US Supreme Court Associate Justice Sonia Sotomayor speaks during a Commonwealth Club event at Herbst Theatre on January 28, 2013 in San Francisco, California. Photo by Justin Sullivan/Getty Images

More history will be made on Inauguration Day (Jan. 20) when Vice President-elect Kamala Harris, the nation’s first Black, South Asian and woman vice president, will be sworn in by Supreme Court Justice Sonia Sotomayor, the high court’s first-ever Latina justice.

According to ABC News, Harris chose to take her oath of office from Justice Sotomayor because she was inspired by her background. Both are former prosecutors. The historical significance of Harris and Sotomayor sharing the stage on Wednesday is not being overlooked.

Sonia Sotomayor, the first Latina Supreme Court Justice, swearing in Kamala Harris, the first female and first Black/Indian Vice President of the United States… is going to bring tears to my eyes. I love it. Wish #RBG could be here for this. #ruthless #StillWithHer

&mdash Vivian (@v_e_e_e_e) January 17, 2021

Harris will take her oath with two Bibles – one of them belonging to late civil rights leader and Supreme Court Justice Thurgood Marshall, who became the first Black justice on the Supreme Court in 1967.

Harris considers Marshall one of her personal heroes. Last July, she released a video on Twitter where she called Marshall a “fighter” and a “boxer in the courtroom.”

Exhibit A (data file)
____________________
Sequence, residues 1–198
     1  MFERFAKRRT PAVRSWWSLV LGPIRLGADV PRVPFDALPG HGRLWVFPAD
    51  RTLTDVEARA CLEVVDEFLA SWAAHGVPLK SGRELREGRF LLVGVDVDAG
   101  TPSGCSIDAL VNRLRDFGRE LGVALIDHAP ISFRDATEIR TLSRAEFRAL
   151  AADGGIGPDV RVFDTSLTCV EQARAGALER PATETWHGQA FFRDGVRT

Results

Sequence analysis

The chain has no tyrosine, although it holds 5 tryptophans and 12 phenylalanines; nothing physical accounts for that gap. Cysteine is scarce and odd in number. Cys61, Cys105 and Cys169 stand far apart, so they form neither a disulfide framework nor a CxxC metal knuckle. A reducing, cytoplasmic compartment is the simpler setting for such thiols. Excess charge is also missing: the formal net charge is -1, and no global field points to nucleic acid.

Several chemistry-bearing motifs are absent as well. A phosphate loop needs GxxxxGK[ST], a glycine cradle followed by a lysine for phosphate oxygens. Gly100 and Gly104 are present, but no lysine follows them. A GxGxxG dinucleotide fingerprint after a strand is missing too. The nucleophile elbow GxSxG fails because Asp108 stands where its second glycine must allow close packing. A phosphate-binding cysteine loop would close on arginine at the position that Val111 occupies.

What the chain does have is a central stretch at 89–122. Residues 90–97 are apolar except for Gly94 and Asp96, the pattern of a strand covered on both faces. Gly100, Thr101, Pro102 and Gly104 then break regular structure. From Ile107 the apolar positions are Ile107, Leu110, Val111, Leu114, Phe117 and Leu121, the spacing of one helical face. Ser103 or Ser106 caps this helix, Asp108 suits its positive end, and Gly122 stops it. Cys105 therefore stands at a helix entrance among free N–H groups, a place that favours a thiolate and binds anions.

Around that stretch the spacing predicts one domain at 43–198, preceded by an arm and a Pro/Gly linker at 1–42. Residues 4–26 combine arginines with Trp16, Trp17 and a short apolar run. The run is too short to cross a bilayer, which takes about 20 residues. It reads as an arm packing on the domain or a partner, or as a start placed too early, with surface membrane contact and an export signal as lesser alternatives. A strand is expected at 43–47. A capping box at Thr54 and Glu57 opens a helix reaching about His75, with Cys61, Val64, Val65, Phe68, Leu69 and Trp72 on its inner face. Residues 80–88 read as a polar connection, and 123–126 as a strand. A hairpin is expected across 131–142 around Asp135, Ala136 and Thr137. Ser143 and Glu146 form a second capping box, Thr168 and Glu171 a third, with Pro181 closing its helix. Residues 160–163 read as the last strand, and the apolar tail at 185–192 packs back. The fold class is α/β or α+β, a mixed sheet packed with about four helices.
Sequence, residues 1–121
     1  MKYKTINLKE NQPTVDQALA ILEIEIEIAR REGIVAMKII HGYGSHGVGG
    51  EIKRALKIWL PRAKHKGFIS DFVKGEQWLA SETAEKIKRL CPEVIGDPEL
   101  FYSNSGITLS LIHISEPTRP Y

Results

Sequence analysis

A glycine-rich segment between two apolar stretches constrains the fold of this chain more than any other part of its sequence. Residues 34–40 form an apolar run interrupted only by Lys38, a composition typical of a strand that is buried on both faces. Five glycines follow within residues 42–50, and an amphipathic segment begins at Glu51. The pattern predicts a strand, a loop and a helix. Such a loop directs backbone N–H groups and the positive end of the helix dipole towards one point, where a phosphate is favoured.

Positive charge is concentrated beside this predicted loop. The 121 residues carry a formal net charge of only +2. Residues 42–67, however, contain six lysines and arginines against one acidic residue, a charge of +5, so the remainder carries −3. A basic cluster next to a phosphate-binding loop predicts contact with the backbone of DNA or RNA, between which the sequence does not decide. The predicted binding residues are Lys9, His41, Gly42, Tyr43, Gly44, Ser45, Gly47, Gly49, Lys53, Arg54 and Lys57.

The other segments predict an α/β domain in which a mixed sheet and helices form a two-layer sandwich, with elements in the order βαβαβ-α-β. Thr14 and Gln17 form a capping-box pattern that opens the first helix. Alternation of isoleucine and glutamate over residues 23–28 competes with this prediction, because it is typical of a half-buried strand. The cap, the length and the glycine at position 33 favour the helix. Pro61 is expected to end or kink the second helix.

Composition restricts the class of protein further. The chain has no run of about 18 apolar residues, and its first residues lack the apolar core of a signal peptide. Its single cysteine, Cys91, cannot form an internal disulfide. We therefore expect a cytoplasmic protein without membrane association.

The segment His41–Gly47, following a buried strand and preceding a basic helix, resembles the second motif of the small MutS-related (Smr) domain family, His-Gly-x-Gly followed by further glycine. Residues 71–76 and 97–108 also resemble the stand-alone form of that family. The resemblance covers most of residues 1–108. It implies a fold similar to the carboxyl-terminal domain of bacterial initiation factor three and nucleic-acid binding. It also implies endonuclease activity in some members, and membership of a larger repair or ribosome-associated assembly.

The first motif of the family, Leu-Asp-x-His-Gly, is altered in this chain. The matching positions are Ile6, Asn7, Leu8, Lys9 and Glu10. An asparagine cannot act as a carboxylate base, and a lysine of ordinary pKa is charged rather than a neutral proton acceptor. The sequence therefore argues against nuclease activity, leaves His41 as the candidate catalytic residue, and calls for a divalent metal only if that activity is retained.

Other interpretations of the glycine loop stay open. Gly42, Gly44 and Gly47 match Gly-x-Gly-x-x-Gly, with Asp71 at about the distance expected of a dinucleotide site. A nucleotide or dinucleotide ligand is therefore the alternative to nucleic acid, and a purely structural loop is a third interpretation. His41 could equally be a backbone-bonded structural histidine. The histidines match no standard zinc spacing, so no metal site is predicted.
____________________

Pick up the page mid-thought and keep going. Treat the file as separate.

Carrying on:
“The work that [Marshall] did is really one of the main reasons I wanted to be a lawyer,” Harris says in the video.

This is the second time Sotomayor will participate in a presidential inauguration. In 2013, she swore in Joe Biden as vice president for his second term. It was the first time a Latina justice had administered an inaugural oath of office in United States history and only the fourth time a female justice had done it. As memorable as that moment was eight years ago, emotions will run high as all eyes will be transfixed on Harris and Sotomayor when they make history Wednesday.


Republicans mocked Harris' name on the campaign trail, so it was disappointing to see it mispronounced at the inauguration

Mispronouncing "Kamala" became more than just an unintended slip-up during the 2020 presidential campaign - it became a form of racial harassment. Mocking her Sanskrit name became a frequent punchline at Trump's campaign rallies, and at an October rally, Senator David Perdue called her "KAH-mah-la, Kah-MAH-la, Kamala-mala-mala, I don't know, whatever."

"Well that is incredibly racist," tweeted Sabrina Singh, Harris' campaign press secretary. Perdue's campaign argued that he'd simply mispronounced the name.

"I think that the name that your parents gives you, whoever you are, meaning whatever your gender or race or background or language your grandmother speaks, is a very special thing," she said. "Many cultures have naming ceremonies. It is a gift that is an incredible, familial gift. The family gives the child a name and so I come at it from that: not about myself, but for everyone . Respect the names that people are given and use those names with respect."